Skip to main content
U.S. flag

An official website of the United States government

Title III FAQs


Allowable uses - frequently asked questions

When must funds be obligated?

The Authority to initiate Title III projects terminates on Sept. 30, 2023. Any county funds not obligated by Sept. 30, 2024, must be returned to the U.S. Treasury.

What search and rescue and other emergency services, including firefighting and law enforcement, may be reimbursed using Title III funds?

Under P.L. 115-141, section 302(a)(2) provides that Title III funds may be used to reimburse counties for search and rescue and other emergency response activities, including firefighting and law enforcement patrols, performed on national forests and the specified BLM lands in western Oregon and paid for by the county. Specifically, the following expenses paid for by the county may be reimbursed in proportion to the amount attributable to these emergency response services performed on a national forest or the specified BLM lands:

  • Salary or wages of emergency response personnel deployed during an emergency response.
  • Replacement of equipment, material and supplies expended, damaged or destroyed during an emergency response.
  • Repair of equipment damaged during an emergency response.
  • Maintenance of vehicles, equipment, and facilities during an emergency response.
  • Purchase of capital equipment such as the purchase of a fire engine, a search-and-rescue snowmobile, or other emergency response equipment.
  • Expenses of training personnel to respond to emergencies on national forests.
  • Expenses of equipment and supplies to be kept on hand for response to emergencies on national forests.
  • Expenses of non-disposable personal protective equipment and electronic aids such as GPS devices in anticipation of responding to emergencies.
  • Purchase of equipment for 911 emergency systems.   ​​​​​

What are examples of search and rescue and other emergency services expenses that may not be reimbursed?

  • Expenses for capital improvements such as construction of a fire station or emergency services dispatch center.
  • Purchase of land (real estate) such as for a fire station or an airport to be used primarily for fire suppression on national forest and other nearby forested lands.
  • Maintenance or upgrade of an airport, dispatch center or other facility used primarily for emergency services.
  • Repair or reconstruction of a road after a storm event.
  • Salary or wages of fire patrols or emergency response personnel during routine duties and scheduled patrols.
  • Maintenance or operating costs of fire patrol and emergency response equipment during routine duties and scheduled patrols.
  • Development or maintenance of a 911 emergency system, unless carried out under a community wildfire protection plan.

May a county use Title III funds for the development of a 911 emergency system including mapping of county roads, naming roads, locating structures and improvements on mapping system, developing data bases for emergency 911 system?

No. Title III funds may not be used for the development or maintenance of a 911 emergency response system, unless carried out under a community wildfire protection plan.

Relevant data gathered during an authorized use such as a Firewise Communities program community assessment or as part of the development of a community wildfire protection plan in coordination with the Forest Service may be shared with 911 system administrators.

Can Title III funds be used for hazardous fuel reduction projects that are identified in an approved community wildfire protection plan?

Yes. Activities to implement a community wildfire protection plan are authorized uses of Title III funds. For example, creating fuel breaks outside the home ignition zone and creating water sources for fire-fighting purposes.

Activities such as hazardous fuel reduction or treatments to improve forest health and resilience to wildfire, insect and disease that are recommended in a community wildfire protection plan and benefit national forest lands also may be considered by resource advisory committees for funding under Title II.

What activities to carry out community wildfire protection plans may be reimbursed using Title III funds?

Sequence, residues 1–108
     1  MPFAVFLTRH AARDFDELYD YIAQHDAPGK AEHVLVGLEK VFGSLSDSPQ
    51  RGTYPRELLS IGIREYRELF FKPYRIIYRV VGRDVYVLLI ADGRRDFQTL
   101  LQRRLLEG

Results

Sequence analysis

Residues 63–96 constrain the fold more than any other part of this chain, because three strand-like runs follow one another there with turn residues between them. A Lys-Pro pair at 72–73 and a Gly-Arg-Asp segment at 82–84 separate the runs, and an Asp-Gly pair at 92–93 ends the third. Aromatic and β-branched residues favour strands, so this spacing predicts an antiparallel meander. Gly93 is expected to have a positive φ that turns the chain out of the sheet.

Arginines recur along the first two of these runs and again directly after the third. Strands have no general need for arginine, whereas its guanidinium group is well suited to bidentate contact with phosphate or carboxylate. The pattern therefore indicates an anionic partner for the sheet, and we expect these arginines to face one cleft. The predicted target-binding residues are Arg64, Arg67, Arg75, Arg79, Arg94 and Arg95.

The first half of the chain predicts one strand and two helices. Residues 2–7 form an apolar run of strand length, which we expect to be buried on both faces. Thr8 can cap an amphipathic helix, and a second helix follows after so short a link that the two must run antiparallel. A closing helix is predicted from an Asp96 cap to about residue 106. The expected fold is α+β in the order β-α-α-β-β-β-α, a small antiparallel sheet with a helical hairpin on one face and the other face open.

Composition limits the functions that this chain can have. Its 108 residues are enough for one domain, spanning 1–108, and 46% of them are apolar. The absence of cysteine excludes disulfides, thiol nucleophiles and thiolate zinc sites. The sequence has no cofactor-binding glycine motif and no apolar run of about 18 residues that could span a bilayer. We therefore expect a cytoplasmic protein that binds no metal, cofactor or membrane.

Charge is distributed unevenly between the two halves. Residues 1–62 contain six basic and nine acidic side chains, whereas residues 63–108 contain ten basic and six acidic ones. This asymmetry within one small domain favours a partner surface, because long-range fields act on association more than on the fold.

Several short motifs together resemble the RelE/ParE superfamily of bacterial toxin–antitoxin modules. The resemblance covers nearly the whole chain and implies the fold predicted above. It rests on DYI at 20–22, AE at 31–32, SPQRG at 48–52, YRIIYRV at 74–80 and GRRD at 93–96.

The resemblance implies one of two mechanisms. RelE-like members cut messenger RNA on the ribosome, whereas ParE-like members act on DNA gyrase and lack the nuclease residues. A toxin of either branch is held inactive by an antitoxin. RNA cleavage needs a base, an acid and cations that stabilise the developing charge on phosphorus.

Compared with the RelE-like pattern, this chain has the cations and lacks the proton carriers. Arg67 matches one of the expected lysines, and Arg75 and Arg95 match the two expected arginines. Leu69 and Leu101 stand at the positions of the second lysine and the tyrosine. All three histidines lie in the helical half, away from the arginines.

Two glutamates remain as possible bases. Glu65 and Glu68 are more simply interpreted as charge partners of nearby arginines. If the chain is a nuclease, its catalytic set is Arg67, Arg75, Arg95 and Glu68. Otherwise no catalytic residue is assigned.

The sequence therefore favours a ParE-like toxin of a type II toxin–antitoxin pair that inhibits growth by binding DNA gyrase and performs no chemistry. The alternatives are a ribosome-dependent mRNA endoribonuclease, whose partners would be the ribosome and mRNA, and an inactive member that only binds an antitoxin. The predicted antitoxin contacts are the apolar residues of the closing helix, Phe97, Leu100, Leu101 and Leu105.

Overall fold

A county may use Title III funds to carry out community wildfire protection plans (CWPPs), including but not limited to paying for the cost of:

  • Hazardous fuels reduction projects such as creating fuel breaks outside the home ignition zone, creating water sources for fire-fighting purposes, and establishing a 911 emergency response system.
  • Wildfire mitigation assessments of the homes in an at-risk neighborhood identified in the CWPP.
  • Tree removal, tree trimming, or removal of dried grass and brush and other such vegetation identified as contributing to fire risk in the CWPP.
  • Removing hazardous fuels along powerline rights-of-way identified in the CWPP, regardless of the person or entity responsible for the removal.
  • Conducting a community volunteer work day focused on implementing fire mitigation measures outlined in a CWPP.

What activities may be carried out under the Firewise Communities program?

The Act is very specific. Consistent with the Government Accountability Office recommendations, a county’s use of Title III funds for Firewise activities must be limited to providing specific wildfire-related education or wildland fire mitigation assistance to homeowners. Specifically, section 302(a)(1) authorizes Title III funds to be spent on Firewise Communities program activities that:

  1. educate homeowners in fire-sensitive ecosystems about techniques in siting (positioning or locating) a home, constructing a home, landscaping and maintenance around a home that will decrease the risk of injury or death and decrease the risk of damage or destruction of a home as a result of a wildfire in the area surrounding a home, or
  2. assist homeowners in implementing these techniques.

Examples of education assistance to homeowners include: 

  • Disseminating Firewise information with door hangers, print or radio advertisements;
  • Making Firewise information available at community events;
  • Holding Firewise educational workshops for homeowners;
  • Creating or distributing videos on Firewise principles related to the home ignition zone and fire-resistant building materials; and
  • Outfitting and staffing Firewise trailers or mobile units to educate homeowners about the Firewise principles related to the home ignition zone and fire-resistant building materials.

Examples of mitigation assistance to homeowners include:

  • Assisting communities with Firewise planning, including conducting a Firewise community assessment;
  • Hosting “clean-up days’ to encourage homeowners to remove brush and other vegetation from around their homes;
  • Assisting communities with applications for Firewise Communities recognition;
  • Providing grants or partial funding for removal of vegetation from around homes;
  • Salary and transportation costs for youth crews removing vegetation from around homes;